Advantageous variations of the invention are specified in the subclaims.
To protect the process from tampering, provision is preferably made for the additional code to be changed only in the central computer of the stationary T/R unit. Provision is also made for the central computer to compare the basic code received with the basic codes stored and to trigger the alarm and information program if the additional code received or stored does not contain the predetermined value. Here, a comparison of the basic code received with the basic codes stored in the central computer is used to determine whether the craft is sailing in or out. If the basic code received is known by the central computer, then it is a craft sailing out, since the basic codes of all protected crafts lying within the limited area are stored in the central computer. If the basic code received is not known by the central computer, it automatically recognizes a craft sailing in. The additional code received is relevant to the central computer in deciding whether the alarm or information program should be triggered, if the craft is sailing in, whereas the additional code stored in the central computer is relevant if the code received is known to the central computer, and it is thus a protected craft sailing out.
If a watercraft protected by the process of the invention is sailing into a protected harbor, provision is preferably made that when the stationary central computer receives an identification signal with an unknown code and with an additional code set at the predetermined value "0," it stores the code until the craft sails out. Thus, at any time, this ensures that all watercraft in the protected harbor that are protected by the process in the invention have their basic codes stored in the central computer.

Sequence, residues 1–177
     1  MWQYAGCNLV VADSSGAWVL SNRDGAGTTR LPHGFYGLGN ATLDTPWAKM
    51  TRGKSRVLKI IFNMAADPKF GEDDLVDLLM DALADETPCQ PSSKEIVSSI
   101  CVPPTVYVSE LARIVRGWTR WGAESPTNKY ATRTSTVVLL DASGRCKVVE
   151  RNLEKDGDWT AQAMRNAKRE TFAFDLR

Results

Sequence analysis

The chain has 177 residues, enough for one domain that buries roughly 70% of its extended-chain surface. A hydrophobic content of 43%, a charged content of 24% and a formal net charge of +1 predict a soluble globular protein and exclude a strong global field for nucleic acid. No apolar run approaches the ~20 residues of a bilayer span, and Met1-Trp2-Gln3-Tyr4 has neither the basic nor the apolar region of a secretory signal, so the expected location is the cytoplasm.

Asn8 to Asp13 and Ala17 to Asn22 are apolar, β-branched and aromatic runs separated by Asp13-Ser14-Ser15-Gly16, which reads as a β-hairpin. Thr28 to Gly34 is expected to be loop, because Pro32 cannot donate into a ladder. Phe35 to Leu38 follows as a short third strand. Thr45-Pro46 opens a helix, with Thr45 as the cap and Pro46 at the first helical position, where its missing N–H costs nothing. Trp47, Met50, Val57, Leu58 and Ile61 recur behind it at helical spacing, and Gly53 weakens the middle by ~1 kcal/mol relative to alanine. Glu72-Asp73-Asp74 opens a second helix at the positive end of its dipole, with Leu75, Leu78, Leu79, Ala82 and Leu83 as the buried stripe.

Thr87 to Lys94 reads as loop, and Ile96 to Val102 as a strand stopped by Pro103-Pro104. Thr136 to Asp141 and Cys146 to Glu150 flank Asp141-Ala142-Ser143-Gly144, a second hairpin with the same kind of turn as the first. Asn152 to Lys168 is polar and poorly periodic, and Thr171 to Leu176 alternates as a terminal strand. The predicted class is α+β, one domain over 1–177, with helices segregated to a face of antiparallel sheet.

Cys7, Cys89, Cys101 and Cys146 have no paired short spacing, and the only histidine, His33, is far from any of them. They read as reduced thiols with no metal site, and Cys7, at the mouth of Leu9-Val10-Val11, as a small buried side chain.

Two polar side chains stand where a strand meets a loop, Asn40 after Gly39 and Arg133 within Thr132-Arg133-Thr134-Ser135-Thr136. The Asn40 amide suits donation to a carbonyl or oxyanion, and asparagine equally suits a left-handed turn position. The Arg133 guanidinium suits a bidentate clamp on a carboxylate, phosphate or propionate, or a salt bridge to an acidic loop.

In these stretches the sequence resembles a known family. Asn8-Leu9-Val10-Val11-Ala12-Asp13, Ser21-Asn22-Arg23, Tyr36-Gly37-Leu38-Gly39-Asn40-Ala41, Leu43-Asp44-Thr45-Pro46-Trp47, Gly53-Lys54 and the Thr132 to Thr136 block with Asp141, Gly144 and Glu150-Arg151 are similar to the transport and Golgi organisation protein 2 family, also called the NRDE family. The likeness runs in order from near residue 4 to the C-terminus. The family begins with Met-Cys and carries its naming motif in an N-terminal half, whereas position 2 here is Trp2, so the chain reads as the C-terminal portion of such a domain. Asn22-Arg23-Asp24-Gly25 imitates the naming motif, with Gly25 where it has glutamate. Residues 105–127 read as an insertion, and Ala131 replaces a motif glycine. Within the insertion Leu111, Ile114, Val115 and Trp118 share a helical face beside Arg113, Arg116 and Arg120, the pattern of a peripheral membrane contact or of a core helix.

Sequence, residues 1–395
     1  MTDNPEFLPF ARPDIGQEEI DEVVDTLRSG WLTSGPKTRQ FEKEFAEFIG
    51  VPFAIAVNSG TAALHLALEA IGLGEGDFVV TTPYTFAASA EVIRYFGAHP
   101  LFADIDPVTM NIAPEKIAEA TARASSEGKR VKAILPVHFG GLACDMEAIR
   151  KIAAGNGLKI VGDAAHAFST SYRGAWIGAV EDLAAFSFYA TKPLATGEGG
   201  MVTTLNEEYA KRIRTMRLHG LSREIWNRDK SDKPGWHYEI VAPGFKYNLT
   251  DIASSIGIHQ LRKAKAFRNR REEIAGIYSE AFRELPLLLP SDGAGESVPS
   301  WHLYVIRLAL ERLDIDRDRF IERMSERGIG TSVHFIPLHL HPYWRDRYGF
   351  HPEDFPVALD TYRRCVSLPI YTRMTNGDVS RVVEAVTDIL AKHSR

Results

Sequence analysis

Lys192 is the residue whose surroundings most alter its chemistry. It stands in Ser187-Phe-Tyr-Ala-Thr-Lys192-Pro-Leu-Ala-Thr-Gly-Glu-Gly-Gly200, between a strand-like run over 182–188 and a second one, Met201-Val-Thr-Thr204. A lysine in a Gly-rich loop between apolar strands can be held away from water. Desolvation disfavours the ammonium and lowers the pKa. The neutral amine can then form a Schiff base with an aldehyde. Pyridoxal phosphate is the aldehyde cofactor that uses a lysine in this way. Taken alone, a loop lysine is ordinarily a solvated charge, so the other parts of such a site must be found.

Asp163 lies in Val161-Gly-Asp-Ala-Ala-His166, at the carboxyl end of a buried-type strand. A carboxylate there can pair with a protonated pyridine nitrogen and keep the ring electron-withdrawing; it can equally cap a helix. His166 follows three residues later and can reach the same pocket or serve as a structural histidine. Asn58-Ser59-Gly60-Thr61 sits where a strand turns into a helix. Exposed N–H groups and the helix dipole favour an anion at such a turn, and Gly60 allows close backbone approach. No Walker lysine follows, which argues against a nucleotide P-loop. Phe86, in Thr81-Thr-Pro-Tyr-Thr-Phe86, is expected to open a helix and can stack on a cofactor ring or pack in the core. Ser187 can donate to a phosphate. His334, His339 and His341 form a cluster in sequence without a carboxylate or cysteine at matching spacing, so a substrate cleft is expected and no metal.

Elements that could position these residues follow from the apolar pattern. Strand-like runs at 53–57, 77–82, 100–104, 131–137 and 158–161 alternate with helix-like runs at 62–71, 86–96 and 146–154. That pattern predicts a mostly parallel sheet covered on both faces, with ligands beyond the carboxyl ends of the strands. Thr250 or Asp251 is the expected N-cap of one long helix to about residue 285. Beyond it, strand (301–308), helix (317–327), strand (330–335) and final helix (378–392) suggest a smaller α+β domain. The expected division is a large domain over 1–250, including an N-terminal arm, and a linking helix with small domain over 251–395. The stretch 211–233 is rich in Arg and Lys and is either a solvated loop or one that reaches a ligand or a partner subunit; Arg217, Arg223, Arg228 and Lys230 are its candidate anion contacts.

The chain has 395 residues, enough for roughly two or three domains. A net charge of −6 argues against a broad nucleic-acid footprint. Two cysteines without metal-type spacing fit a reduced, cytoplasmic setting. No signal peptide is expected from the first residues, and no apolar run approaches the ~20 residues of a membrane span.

Another advantageous embodiment of the ownership protection process provides for the spatially limited area to be delimited by a directional electromagnetic sector, which is produced by at least one stationary T/R unit. This can, as already mentioned above, be on a pier head at the exit to the harbor and can be pointed in the direction of the opposite pier head. This produces an electromagnetic "curtain" between the pier heads at the entrance to the harbor. When it passes through the stationary electromagnetic sector, the T/R unit in the craft is prompted to send the identification signal to the stationary T/R unit.
The process of the invention will be described in greater detail below with some preferred embodiments, using the drawings, which show a yacht harbor as the spatially limited protected area.
FIG. 1 shows a yacht harbor 1 (also called a marina) with a series of piers 7 and sailboats 8 attached to the piers.
FIG. 2 is a block diagram of the identification signal code, and
FIG. 3 is a flow chart illustrating the steps in the process according to the invention,
The yacht harbor has an entrance and exit defined by two pier heads 2, 3. A stationary transmitter and receiver unit 10 (hereinafter briefly t/r unit) is disposed on the pier head 2 and emits an electromagnetic permanent signal 6 to the opposite pier head 3. Each vessel 4, 5, 8 to be protected is equipped with a t/r unit 12 of its own which, when querried, emits an identification signal comprising a basic code or basic answerback which identifies the vessel and a variable additional code or supplemental characteristic which identifies the legitimate or illegitimate use of the vessel. A central computer 14 is connected to the stationary t/r unit 10 on the harbor pier 2, storing the identification signals of all the watercraft 4, 8 tied at a piers 7 or moored inside the harbor. The central computer is informed by the ship-owner or an authorized person of permission to sail of one of the vessels 4, 8 inside the harbor by setting the supplemental characteristic of the memorized identification signal of the vessel to be authorized to a predetermined value, e.g. "0". This permission may be limited in time so that, for example, after 24 hours, value "0" of the supplemental characteristic authorizing the sailing is changed again to another value "X".